“my magic is unwritten
But when the sea turns black
It will leave my shape behind”
This is about an experience, about the magic of women at work, of being a mother and being an artist.
There was a feminine mood to this one from the beginning. When Benedetta asked me to participate in the exhibition, she read to me a poem by Audre Lorde. It was to be an all-female exhibition, ‘about the power of leaving traces, and using traces as our power, not weapons’.
The plan was that my partner and toddler accompanied me to Portugal to install my work. As I was still breastfeeding, we needed travel as a family – my partner covering childcare as I worked to set up the exhibition. These are the things we were still working out with a little one; and post pandemic, we were a little rusty with these practicalities. Gratitude, though, that I could say yes to this opportunity and nourish my artistic life that has inevitably been a little neglected since becoming a parent. When it became apparent that my partner couldn’t come with me the night before we were due to leave, I went through a trajectory of emotions; disappointment being the first. I assumed that I couldn’t do this alone. Perhaps my confidence had worn a little; my adventurer spirit somewhat out of practice. That night, I had a dream that very clearly told me I should go. I woke up emboldened and clear. I went, and my daughter came too.
Vita and I arrived in Portugal and were driven through the wildfires that were ravishing the region. I held my nerve as the sky outside went dark with smoke, and as we left the car the air smelt like a firepit, ash falling from the sky like snow.
But the thing I want to write about is the unwritten magic that unfolded. About how this journey with my daughter opened up such a feeling of connection and the learning about the artistry of creative practice that came with it. I want to write about the feeling of being held by ‘strangers’ and the comprehension of what it is to work kindly, caringly, interconnectedly. Of my acquired apologetical tendencies being shattered by the kindness of a group of women (and a scattering of men).
Yes, setting up an exhibition with a 21-month-old was pretty demanding at times. Vita wanted my attention pretty much all the time, to go to the playground, to pick up the paintbrush and paint, with me, on these freshly-painted walls I was working within. I felt like most people in Aveiro had ample chance to glimpse my boobs at one point or another, as I was breastfeeding on demand wherever we went.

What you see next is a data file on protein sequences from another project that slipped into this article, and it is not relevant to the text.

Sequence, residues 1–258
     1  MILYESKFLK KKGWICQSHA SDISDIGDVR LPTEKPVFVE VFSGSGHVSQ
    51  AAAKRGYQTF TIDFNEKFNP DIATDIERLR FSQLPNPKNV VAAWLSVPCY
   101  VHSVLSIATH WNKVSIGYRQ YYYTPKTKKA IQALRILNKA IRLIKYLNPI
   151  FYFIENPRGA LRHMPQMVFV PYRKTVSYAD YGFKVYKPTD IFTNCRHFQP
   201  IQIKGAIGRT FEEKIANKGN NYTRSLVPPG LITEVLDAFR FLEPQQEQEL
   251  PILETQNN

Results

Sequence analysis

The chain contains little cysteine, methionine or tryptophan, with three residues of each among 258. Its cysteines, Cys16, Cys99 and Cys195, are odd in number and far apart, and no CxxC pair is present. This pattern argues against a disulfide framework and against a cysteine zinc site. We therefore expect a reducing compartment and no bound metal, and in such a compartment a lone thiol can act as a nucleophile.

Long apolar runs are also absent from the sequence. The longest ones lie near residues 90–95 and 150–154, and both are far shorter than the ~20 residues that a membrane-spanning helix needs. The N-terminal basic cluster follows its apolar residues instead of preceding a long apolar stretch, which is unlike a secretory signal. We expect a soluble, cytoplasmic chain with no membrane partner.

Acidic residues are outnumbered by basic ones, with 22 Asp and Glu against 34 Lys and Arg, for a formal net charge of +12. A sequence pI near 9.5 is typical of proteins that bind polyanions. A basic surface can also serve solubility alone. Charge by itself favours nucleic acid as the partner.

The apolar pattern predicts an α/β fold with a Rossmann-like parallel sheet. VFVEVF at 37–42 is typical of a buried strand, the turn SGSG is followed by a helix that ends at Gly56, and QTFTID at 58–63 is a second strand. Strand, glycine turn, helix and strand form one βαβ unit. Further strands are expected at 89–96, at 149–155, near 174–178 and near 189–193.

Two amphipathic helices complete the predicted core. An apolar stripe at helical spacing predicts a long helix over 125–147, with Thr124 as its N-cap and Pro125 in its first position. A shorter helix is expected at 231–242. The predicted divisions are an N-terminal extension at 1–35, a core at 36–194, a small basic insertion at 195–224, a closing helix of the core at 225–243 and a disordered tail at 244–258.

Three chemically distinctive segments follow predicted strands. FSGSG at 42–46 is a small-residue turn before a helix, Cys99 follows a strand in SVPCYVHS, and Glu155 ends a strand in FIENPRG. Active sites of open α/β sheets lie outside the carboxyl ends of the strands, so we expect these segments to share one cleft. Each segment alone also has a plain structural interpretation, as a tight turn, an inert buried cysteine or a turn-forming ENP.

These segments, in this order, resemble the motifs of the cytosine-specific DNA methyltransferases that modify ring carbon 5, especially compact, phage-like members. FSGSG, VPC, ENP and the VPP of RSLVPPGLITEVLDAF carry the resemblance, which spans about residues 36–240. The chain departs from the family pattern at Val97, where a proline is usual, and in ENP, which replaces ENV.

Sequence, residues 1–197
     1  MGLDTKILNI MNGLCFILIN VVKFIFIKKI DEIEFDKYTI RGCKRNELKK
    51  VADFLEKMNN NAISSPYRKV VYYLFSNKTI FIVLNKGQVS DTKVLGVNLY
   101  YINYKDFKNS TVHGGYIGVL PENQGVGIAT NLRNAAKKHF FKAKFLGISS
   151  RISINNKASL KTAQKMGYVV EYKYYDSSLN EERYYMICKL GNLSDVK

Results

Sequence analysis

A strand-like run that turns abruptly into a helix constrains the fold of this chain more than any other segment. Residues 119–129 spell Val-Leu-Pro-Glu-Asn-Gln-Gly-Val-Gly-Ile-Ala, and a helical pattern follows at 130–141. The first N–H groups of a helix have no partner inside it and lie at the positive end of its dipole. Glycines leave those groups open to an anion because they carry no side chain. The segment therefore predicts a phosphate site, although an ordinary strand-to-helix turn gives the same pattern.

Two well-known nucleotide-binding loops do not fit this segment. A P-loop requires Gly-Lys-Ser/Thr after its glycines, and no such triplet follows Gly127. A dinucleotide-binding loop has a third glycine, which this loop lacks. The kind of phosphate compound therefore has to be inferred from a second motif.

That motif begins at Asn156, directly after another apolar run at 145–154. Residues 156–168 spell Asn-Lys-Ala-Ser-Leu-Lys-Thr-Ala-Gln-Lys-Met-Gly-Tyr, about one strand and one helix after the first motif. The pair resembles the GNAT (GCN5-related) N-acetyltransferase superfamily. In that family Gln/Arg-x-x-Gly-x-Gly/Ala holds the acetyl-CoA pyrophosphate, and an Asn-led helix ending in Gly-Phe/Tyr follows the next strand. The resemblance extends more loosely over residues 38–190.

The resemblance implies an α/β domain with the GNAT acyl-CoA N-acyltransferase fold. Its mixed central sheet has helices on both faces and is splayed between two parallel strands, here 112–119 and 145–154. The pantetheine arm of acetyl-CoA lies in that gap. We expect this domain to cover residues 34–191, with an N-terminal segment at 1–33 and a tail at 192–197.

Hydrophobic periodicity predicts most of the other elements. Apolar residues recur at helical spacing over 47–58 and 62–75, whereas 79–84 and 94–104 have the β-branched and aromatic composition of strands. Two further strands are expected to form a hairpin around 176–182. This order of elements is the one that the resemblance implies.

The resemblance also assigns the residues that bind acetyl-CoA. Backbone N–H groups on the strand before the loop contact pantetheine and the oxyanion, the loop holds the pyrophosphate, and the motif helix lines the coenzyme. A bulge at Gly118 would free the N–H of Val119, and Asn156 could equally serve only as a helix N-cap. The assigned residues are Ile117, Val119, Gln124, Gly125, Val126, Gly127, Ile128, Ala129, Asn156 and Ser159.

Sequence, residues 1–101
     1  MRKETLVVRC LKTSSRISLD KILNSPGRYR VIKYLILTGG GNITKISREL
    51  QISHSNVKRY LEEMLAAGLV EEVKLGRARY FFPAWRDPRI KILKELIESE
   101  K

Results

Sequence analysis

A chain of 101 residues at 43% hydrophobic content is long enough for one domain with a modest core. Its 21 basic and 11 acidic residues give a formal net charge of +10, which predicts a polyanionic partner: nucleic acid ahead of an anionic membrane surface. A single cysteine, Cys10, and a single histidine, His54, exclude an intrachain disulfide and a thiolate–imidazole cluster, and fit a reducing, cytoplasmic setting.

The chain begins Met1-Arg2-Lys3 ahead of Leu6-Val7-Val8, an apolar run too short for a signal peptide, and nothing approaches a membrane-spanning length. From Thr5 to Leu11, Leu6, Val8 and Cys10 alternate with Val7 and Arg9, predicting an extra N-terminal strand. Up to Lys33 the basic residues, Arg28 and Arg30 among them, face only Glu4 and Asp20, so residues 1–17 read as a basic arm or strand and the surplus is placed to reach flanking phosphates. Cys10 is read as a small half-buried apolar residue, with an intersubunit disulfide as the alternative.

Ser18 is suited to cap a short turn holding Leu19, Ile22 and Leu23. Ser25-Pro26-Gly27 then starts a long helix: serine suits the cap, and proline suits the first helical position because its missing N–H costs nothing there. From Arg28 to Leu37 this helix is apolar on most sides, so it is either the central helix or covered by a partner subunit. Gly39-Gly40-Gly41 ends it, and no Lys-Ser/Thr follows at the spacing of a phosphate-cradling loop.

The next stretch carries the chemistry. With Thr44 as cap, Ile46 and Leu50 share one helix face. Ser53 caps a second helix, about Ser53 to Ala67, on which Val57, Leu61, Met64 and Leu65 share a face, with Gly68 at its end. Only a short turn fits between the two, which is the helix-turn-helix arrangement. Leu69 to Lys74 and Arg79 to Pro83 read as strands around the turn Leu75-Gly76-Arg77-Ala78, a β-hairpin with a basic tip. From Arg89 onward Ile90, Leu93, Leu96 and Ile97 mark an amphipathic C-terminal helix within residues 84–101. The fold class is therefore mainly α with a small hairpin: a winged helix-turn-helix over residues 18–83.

As time went by, I had an evolving feeling of being held, very joyfully by the people I encountered. The feeling of being looked out for. Of being noticed as I did this alone, watchful eyes all around, jumping in to help just as I needed it. Bringing me food, making Vita laugh, distracting her to give me a moment to work. The curators sitting on the gallery floor, painting shapes for my installation as I directed them on with my toddler at my breast. We were invited out, included in events; so that we would be part of things. Connected.
In other, perhaps more formal (traditional?, patriarchal?), contexts I know I would have felt like an intruder - unprofessional at bringing my toddler with me, who would inevitably disrupt, make noise, interrupt mine and other’s schedules, their peace. Being a ‘nuisance’. Mixing work with family / (life?); the big faux-pas. I have felt this before since Vita was born, and the shame and isolation that comes with it. Would I have been able to sit there breastfeeding as we discussed where screens are placed in other parallel scenarios? How many women before now, would have to hide and relegate their ‘motherhood’ in order to fit into and bow down to the artistic establishment?
The Magic Carpet; which sits in the title of the exhibition (and creative programme it sparked from) is our route away from this modality; “for travelling across the world in a twinkling of an eye”, writes the curator, Benedetta Carpi De Resmini. Of course, I see now, this magic was integral to everything about this experience and how it unfolded. Benedetta writes: ‘This fantastic device is also referring to a constantly mutating story to rewrite, reread and alter ad infinitum. This book of mirrorings becomes here a convincing metaphor of the power of culture to change the mistrust and confrontation into intercultural dialogue, mutual understanding, respect and even love.” … “The main concept that underlies the whole project is related to the idea of transformation and mutation.”
Images: Performance by Verónica Troncoso in the Magic Carpets Landed exhibition
I sit on the magic carpet breastfeeding my daughter once again, in the midst of the exhibition flurry, feeling entirely and resolutely, at ‘home’. My faith in how I fit into these spaces transformed by love.
Vita and I rode in a taxi back to the airport with two artists and their families returning to Rome. Their older girls wanted to sit either side of Vita, which they did, and tickled her hand and giggled with her all the journey. Hugs and goodbyes at the airport. A warm heart.
Something has been happening in my work since then. It has been needing to happen for a long time. That I can no longer not bring myself into my work. And that I can no longer not bring my work into my life. A well overdue dichotomy that needed upturning.
And lately, at home, I find myself getting so busy, so overloaded I feel I don’t have space for the kind of kindness I felt in this extended moment I wanted to write about. But experiences don’t disappear, they weave themselves in, flashes reappear and bring us back to ourselves, create an opening, a lifeline. They leave their shape behind. I hope I can bring a taste of this shape to whatever happens next.